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  • Joseph Nebus 12:22 am on Sunday, 30 April, 2017 Permalink | Reply
    Tags: , , , Doonesbury, , , , , , Super-Fun-Pak Comix,   

    Reading the Comics, April 24, 2017: Reruns Edition 


    I went a little wild explaining the first of last week’s mathematically-themed comic strips. So let me split the week between the strips that I know to have been reruns and the ones I’m not so sure were.

    Bill Amend’s FoxTrot for the 23rd — not a rerun; the strip is still new on Sundays — is a probability question. And a joke about story problems with relevance. Anyway, the question uses the binomial distribution. I know that because the question is about doing a bunch of things, homework questions, each of which can turn out one of two ways, right or wrong. It’s supposed to be equally likely to get the question right or wrong. It’s a little tedious but not hard to work out the chance of getting exactly six problems right, or exactly seven, or exactly eight, or so on. To work out the chance of getting six or more questions right — the problem given — there’s two ways to go about it.

    One is the conceptually easy but tedious way. Work out the chance of getting exactly six questions right. Work out the chance of getting exactly seven questions right. Exactly eight questions. Exactly nine. All ten. Add these chances up. You’ll get to a number slightly below 0.377. That is, Mary Lou would have just under a 37.7 percent chance of passing. The answer’s right and it’s easy to understand how it’s right. The only drawback is it’s a lot of calculating to get there.

    So here’s the conceptually harder but faster way. It works because the problem says Mary Lou is as likely to get a problem wrong as right. So she’s as likely to get exactly ten questions right as exactly ten wrong. And as likely to get at least nine questions right as at least nine wrong. To get at least eight questions right as at least eight wrong. You see where this is going: she’s as likely to get at least six right as to get at least six wrong.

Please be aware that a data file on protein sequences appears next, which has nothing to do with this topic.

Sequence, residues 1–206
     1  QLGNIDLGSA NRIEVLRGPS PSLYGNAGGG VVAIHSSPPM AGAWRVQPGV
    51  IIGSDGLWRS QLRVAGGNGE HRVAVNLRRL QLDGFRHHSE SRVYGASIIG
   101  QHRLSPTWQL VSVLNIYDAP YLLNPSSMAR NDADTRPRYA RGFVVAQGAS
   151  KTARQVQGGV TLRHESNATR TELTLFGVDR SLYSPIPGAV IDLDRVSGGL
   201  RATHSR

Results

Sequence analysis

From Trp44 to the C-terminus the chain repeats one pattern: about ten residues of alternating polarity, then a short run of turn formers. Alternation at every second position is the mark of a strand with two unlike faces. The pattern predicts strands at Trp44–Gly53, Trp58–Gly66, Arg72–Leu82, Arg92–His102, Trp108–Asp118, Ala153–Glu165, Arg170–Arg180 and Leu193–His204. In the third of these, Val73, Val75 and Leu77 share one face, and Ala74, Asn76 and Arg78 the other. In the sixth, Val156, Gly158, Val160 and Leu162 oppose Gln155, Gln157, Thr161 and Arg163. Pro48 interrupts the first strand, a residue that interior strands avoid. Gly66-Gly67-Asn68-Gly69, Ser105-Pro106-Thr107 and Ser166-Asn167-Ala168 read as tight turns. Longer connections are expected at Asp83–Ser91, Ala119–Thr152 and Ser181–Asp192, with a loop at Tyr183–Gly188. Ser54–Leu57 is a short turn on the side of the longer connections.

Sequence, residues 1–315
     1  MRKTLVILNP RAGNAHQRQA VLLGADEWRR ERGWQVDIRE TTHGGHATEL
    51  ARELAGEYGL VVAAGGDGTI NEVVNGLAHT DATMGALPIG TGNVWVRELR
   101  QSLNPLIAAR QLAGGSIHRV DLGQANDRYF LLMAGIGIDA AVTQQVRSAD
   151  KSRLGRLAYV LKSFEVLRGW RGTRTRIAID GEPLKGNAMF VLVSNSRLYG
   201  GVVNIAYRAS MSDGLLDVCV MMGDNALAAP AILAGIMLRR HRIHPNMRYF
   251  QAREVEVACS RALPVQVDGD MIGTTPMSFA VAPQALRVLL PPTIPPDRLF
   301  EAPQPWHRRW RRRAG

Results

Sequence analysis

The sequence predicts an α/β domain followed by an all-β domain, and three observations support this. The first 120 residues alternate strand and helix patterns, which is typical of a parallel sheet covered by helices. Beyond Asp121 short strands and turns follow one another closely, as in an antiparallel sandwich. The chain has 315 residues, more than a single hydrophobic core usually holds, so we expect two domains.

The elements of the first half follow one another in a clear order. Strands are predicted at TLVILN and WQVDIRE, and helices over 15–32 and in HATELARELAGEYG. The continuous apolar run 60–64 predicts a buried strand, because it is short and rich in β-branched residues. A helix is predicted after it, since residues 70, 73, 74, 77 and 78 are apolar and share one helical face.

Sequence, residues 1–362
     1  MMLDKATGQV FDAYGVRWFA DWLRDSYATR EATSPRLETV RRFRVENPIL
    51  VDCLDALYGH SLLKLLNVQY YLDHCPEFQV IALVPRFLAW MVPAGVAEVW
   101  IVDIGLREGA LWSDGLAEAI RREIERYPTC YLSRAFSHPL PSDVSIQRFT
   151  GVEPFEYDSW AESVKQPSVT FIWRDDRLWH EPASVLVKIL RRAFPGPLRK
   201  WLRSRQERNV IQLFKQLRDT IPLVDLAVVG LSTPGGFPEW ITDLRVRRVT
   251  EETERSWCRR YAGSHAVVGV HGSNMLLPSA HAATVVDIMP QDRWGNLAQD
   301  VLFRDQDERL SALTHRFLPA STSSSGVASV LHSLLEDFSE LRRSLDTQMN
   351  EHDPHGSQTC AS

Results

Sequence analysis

There’s exactly three possibilities for a ten-question assignment like this. She can get four or fewer questions right (six or more wrong). She can get exactly five questions right. She can get six or more questions right. The chance of the first case and the chance of the last have to be the same.

    So, take 1 — the chance that one of the three possibilities will happen — and subtract the chance she gets exactly five problems right, which is a touch over 24.6 percent. So there’s just under a 75.4 percent chance she does not get exactly five questions right. It’s equally likely to be four or fewer, or six or more. Just-under-75.4 divided by two is just under 37.7 percent, which is the chance she’ll pass as the problem’s given. It’s trickier to see why that’s right, but it’s a lot less calculating to do. That’s a common trade-off.

    Ruben Bolling’s Super-Fun-Pax Comix rerun for the 23rd is an aptly titled installment of A Million Monkeys At A Million Typewriters. It reminds me that I don’t remember if I’d retired the monkeys-at-typewriters motif from Reading the Comics collections. If I haven’t I probably should, at least after making a proper essay explaining what the monkeys-at-typewriters thing is all about.

    'This new math teacher keeps shakin' us down every morning, man ... what's she looking for, anyway?' 'Pocket calculators.'